Q. How long does it take you to know?
A. You can usually tell after a paragraph—a page, certainly—whether or not you're going to get hooked. Every now and then, something will surprise you. I remember one novel at Simon & Schuster that I was reading, more as a favor than anything else. The writing wasn't great, and the story was a little on the predictable side—it was okay, but a little boring—but then I got to the end and it surprised the hell out of me. I went back and thought, "F**k, this is really something. I would have given up after fifty pages if I hadn't promised somebody that I would read it." I ended up buying it and it did really well.
Q. This is the magazine's MFA issue. Do you have anything to say about them?
A. Obviously a lot of good writers have come out of MFA programs—you see it in their bios—so I know there's a lot of good work being done. I will confess that many of the MFA novels I see are better written than they are good books, if you know what I mean. There's a lot of good writing, but that doesn't necessarily add up to a good book. I feel like perhaps in those programs too much emphasis is being put on style and word choices rather than actually thinking about how to communicate with people. It's too much about—to make it sound terrible—but it's too much about showing off and not enough about trying to please a reader.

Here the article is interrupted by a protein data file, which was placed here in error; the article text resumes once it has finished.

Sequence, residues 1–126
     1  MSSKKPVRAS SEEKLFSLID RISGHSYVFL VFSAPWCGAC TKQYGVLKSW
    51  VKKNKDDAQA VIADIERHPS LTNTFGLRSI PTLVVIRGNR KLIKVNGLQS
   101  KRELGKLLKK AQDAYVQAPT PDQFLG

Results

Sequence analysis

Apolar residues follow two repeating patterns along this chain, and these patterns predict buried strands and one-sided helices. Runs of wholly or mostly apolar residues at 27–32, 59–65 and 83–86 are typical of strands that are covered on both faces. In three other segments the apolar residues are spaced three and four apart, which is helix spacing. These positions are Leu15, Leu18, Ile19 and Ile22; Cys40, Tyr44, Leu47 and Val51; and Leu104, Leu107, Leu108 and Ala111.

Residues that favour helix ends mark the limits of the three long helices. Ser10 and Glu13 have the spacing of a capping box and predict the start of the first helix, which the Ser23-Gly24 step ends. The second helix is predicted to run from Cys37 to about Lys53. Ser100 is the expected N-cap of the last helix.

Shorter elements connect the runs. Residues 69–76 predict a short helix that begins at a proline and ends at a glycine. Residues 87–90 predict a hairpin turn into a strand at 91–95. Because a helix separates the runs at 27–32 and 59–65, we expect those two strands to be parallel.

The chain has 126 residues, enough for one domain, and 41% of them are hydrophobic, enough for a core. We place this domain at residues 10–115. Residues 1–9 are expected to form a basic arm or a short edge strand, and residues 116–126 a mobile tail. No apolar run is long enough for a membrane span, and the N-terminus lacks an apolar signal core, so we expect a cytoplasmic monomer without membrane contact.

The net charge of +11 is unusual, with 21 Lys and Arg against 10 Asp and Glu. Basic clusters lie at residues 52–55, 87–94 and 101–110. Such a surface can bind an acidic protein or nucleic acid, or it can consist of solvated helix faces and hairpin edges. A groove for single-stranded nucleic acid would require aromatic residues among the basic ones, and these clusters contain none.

Again, I go back to the whole thing about storytelling. I'm old enough to have started reading back when it really was primarily about stories. I guess there were a lot of quality literary books being published then, but my mother didn't buy them. I read what was around the house: Edna Ferber and Daphne du Maurier and Mary Renault and Thomas B. Costain. These are writers you don't hear anything about anymore, but they were brilliant storytellers. They were also good writers, mind you, but they were brilliant storytellers. They would grab the reader right away and just not let go.
Today, I'm seeing better writing than the writing in those books, but I'm not seeing better storytelling. That was why Water for Elephants excited me. Sara is a really good writer. She's not a great stylist or anything—you're not going to sit down and read her sentences just for the beauty of them—but she tells such a great story.
Sunday, October 19, 2008
I hesitated. It wasn’t that I couldn’t remember when I’d stopped baking. I couldn't recall ever starting!
I admire people who bake, but it's not my thing. I tried years ago and got the same results over and over again. My cakes either sank into oblivion, came out like extra large hockey pucks or bubbled like volcanos and made my eyes burn when I opened the oven (it took three failed attempts at that recipe before I realized it called for 1 TBSP of vinegar, not 1 CUP). Eventually I admitted defeat and gave away every cake pan, pie plate, and rolling pin I owned, happy to spend my time writing instead.
But back to now... and my boys, who were standing at my desk waiting for an answer. Why don’t you bake anymore?